The rings are designed to be bigger then the cylinder. you have to sqeeze them in as you insert them into the bore. (there should be a little guide pin in the ring channel where the the two ends of each ring should meet}
P.s. ideally should only take out cylinder when installing new rings.
I wouldnt, the rings hold the piston away from the wall of the cylinder as well as provide a seal for compression. With only one ring the piston is going to "slap" against the cylinder wall, possibly scratching it, then scratched even with both rings installed your compression will be low because it is escaping by the rings thru the scratches.....
I wood tend to agree with Misteright1 99, although fun story - when i was just a wee lad of bout 11 my old peice of crap motorbike that my folks got me the prevous Xmas ( it must have had at least 10 owners before me and predated the vietnam war), seized. Dad was busy so i went at it - took off the head and looked in side and saw this metal thing stuck between cyclinder and chamber so got out the pliers gave it a big tug, put the head back on and off i went for about another year nd half.... ha ha....wont say it had much power thou .. although at the time iwas told it was the carbs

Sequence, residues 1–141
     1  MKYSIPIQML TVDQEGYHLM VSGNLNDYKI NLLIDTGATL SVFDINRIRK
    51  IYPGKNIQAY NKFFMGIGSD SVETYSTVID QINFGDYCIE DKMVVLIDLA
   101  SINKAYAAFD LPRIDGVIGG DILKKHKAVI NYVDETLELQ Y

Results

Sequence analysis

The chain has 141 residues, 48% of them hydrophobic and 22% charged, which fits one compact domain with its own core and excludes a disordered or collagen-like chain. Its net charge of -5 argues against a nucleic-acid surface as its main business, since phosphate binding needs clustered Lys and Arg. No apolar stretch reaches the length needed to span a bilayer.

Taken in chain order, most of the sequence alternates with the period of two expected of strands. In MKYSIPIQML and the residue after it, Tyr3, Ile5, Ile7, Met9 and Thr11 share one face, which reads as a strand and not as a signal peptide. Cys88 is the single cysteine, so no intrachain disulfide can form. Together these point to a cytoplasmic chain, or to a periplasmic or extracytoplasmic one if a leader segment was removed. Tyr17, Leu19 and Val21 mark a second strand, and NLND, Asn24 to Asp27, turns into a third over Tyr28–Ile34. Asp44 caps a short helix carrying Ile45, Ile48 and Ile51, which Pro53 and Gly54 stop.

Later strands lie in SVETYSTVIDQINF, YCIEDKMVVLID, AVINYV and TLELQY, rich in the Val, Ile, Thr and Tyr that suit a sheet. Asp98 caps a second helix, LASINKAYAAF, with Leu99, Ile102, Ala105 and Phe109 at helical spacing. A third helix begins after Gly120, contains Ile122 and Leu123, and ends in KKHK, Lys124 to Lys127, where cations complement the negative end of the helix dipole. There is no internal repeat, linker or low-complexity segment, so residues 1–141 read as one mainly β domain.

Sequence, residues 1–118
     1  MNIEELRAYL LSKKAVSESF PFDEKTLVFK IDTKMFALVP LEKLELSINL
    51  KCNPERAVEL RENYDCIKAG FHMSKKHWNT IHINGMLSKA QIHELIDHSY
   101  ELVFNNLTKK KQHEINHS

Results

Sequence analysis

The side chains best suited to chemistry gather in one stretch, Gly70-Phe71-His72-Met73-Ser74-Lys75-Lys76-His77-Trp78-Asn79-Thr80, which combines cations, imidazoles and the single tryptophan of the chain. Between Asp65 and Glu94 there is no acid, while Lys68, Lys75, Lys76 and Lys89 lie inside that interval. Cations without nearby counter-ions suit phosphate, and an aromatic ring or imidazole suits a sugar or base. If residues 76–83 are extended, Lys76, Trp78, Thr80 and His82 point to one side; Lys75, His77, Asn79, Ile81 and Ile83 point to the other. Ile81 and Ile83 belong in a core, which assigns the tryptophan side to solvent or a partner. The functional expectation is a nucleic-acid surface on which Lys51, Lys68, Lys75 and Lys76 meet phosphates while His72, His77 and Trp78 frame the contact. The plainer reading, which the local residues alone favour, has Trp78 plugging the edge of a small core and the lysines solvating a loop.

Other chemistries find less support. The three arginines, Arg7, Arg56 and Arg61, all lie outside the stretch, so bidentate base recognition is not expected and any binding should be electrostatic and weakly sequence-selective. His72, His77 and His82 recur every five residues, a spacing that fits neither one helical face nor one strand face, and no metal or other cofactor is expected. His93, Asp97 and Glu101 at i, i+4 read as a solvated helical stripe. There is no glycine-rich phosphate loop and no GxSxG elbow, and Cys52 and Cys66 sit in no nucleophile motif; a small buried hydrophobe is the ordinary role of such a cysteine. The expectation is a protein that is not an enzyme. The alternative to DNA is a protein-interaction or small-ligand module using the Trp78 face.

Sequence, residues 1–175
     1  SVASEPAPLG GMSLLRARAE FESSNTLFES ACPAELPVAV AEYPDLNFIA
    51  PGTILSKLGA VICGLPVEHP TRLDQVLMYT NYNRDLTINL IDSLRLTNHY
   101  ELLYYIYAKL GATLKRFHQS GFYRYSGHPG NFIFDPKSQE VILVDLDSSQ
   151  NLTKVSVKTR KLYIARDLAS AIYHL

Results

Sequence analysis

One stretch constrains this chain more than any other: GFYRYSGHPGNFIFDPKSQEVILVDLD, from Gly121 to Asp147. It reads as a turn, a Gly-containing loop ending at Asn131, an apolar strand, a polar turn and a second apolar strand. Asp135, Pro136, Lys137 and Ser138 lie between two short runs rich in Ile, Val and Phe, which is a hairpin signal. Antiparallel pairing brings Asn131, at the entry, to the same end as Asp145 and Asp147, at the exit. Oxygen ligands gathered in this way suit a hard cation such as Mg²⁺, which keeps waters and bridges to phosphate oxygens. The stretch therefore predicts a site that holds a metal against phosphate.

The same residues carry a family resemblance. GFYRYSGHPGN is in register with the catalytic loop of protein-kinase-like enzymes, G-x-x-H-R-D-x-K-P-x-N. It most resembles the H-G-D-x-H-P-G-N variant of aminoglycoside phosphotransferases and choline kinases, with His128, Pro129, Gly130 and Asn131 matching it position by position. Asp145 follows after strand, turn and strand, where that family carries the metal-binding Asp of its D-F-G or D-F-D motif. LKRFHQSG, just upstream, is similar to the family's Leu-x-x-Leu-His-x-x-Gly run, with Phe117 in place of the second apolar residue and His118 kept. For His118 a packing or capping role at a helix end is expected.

The rings have nothing to do with holding the piston away from the cylinder. The rings hold compression from getting into the crankcase. The oil keeps parts from touching. There are a lot of two strokes that only have one ring, I have one of the happy time engines that I have with only one ring on the piston, it is more for racing but it is OK for these. The wide double rings on these engines indicates a simple durable engine. You can install the piston in the barrel first leaving just enough out the bottom to slip the pin in, make sure the clip is in the slot to hold the pin in. Have fun, Dave